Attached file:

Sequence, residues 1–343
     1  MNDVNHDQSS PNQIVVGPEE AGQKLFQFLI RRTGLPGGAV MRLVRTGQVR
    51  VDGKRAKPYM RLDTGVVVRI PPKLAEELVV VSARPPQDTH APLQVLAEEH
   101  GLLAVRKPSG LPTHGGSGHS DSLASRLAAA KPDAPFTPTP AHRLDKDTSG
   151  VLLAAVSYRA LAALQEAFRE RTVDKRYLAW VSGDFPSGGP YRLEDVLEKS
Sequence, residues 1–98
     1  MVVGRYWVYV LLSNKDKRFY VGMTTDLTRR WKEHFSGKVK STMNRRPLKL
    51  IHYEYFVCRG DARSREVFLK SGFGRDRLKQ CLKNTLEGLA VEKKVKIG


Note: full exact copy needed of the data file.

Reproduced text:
Sequence, residues 1–343
     1  MNDVNHDQSS PNQIVVGPEE AGQKLFQFLI RRTGLPGGAV MRLVRTGQVR
    51  VDGKRAKPYM RLDTGVVVRI PPKLAEELVV VSARPPQDTH APLQVLAEEH
   101  GLLAVRKPSG LPTHGGSGHS DSLASRLAAA KPDAPFTPTP AHRLDKDTSG
   151  VLLAAVSYRA LAALQEAFRE RTVDKRYLAW VSGDFPSGGP YRLEDVLEKS
Sequence, residues 1–98
     1  MVVGRYWVYV LLSNKDKRFY VGMTTDLTRR WKEHFSGKVK STMNRRPLKL
    51  IHYEYFVCRG DARSREVFLK SGFGRDRLKQ CLKNTLEGLA VEKKVKIG